According to a recent report from security vendor Websense, 95 percent of comments that purport to come from readers of blogs, chat rooms, and message boards are actually auto-generated messages containing spam or malware, showing just how infected social networking has become.
Social networking sites are a prime target for spreading spam and malware because they offer this ability for just about anyone to post comments, presenting hackers with a back door via which they can easily post links to malicious Web sites. Considering how much malware has been found lurking on the pages of social networking sites, some readers must be following these links and offering hackers wonderful click-through rates.
Another reason these social networking sites are becoming big targets for cybercriminals is because they reach so many people. Websense says the 100 most visited Web sites make up the majority of all Web page views, so by targeting these top sites hackers can get maximum exposure for their links.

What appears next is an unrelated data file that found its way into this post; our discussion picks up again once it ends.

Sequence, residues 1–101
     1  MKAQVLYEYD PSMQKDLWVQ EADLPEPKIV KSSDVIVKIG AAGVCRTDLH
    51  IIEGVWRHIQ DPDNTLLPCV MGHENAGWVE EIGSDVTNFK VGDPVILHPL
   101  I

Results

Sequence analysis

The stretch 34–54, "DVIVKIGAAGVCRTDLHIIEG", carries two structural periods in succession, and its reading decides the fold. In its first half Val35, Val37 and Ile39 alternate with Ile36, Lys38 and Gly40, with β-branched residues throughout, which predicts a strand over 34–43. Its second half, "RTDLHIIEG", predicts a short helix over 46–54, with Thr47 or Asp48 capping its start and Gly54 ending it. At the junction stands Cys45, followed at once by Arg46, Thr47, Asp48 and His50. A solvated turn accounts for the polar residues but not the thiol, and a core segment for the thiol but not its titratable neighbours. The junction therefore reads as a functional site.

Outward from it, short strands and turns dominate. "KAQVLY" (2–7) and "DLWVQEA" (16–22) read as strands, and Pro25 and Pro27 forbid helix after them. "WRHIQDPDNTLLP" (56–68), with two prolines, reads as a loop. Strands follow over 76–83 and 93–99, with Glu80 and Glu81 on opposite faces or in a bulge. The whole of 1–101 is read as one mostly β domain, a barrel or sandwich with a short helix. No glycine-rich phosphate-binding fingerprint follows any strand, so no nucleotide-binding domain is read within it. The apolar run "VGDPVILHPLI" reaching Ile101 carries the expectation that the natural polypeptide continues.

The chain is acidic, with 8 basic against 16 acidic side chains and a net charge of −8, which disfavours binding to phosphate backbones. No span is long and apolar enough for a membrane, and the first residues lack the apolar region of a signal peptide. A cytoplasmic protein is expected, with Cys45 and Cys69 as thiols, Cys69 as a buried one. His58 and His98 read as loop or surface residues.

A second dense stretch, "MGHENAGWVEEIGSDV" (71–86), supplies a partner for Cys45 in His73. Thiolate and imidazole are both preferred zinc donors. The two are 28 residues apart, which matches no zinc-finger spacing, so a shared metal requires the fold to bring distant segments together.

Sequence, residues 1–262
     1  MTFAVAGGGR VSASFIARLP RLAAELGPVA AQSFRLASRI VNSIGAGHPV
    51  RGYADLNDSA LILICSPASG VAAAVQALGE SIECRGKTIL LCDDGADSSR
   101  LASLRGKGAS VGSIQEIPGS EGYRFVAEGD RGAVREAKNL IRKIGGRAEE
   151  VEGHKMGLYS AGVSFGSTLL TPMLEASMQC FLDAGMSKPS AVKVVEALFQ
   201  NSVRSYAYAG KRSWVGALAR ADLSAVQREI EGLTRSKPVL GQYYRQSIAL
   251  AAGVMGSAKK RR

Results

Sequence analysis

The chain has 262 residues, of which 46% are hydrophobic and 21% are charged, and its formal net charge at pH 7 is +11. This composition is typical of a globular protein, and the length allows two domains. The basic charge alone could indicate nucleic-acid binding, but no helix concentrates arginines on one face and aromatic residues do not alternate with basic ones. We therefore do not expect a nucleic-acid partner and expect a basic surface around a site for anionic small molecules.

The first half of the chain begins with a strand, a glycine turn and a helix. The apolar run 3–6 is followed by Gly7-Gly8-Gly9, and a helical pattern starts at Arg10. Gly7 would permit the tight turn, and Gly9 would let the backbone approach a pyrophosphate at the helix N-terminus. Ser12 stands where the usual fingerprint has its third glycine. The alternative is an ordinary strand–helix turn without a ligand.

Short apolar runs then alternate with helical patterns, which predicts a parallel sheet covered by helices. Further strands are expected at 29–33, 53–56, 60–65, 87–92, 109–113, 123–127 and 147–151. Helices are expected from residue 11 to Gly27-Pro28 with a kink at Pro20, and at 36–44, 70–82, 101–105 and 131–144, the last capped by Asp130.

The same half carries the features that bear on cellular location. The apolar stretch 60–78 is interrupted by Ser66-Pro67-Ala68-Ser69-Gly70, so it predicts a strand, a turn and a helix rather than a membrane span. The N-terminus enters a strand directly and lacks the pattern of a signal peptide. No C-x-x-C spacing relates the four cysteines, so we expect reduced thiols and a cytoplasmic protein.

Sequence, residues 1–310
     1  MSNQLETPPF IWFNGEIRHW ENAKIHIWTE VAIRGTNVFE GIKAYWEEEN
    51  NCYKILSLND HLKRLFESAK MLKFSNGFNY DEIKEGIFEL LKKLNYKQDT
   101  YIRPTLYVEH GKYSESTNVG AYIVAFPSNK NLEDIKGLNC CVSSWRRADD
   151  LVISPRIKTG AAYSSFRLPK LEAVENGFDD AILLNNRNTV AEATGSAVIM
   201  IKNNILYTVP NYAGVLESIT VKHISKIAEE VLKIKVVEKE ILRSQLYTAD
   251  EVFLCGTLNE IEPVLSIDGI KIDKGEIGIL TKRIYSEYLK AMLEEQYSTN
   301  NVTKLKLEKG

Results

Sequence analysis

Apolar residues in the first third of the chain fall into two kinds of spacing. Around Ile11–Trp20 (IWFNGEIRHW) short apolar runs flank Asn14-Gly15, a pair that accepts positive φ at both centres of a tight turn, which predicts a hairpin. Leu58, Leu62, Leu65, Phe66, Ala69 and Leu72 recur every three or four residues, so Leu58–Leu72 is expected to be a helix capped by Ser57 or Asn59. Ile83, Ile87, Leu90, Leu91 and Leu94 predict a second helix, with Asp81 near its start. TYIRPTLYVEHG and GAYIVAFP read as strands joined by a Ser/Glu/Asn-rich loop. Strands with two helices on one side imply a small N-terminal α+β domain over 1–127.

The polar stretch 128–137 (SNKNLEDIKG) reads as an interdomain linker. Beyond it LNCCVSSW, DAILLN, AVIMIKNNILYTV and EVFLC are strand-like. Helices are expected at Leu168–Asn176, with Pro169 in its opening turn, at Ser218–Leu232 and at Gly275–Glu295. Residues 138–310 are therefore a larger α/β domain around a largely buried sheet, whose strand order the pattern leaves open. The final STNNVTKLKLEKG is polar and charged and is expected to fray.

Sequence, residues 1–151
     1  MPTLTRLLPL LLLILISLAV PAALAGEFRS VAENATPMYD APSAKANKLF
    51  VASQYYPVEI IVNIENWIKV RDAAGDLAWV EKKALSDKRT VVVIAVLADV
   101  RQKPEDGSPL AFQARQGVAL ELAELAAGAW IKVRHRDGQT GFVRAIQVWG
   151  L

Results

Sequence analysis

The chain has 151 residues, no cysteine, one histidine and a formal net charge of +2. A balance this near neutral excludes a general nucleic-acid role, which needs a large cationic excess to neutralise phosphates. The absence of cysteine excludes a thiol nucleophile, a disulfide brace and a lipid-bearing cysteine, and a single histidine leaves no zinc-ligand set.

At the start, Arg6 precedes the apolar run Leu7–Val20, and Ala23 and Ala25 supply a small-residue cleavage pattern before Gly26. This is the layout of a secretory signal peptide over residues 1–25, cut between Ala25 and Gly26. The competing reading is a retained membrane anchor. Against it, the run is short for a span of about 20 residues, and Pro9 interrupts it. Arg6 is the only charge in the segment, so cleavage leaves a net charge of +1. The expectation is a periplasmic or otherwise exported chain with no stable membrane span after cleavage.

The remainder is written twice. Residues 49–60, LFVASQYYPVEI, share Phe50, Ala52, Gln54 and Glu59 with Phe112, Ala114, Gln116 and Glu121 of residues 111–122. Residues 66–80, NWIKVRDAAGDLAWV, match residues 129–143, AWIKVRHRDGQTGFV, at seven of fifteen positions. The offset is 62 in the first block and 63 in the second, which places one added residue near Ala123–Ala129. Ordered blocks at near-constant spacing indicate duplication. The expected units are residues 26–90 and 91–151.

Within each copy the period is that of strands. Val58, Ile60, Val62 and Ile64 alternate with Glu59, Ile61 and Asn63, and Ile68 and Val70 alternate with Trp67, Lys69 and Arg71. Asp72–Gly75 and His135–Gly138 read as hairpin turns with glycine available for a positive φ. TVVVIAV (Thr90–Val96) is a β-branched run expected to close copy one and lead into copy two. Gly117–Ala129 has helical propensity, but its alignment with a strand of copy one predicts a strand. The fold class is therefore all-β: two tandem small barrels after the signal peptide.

Koobface, for example, is a worm that targets Facebook and other social networking sites to spread itself and collect personal data from PCs that inadvertently download the malware. The Koobface Gang, as its creators have come to be known, has started using search engine optimization techniques to embed the malware in Web pages that are likely to get the most page views.
According to Websense, sites that allow for user-generated content make up the majority of the sites listed on the top 50 most active distributors of malware. No surprise there.
However, when you consider how many employees access social-networking sites from corporate desktops, the problem takes on greater dimensions. Websense says that 95 percent of organizations allow access to Web 2.0/social networking sites, yet 91 percent of them said they don't have the proper security measures in place to protect from Web 2.0-specific threats.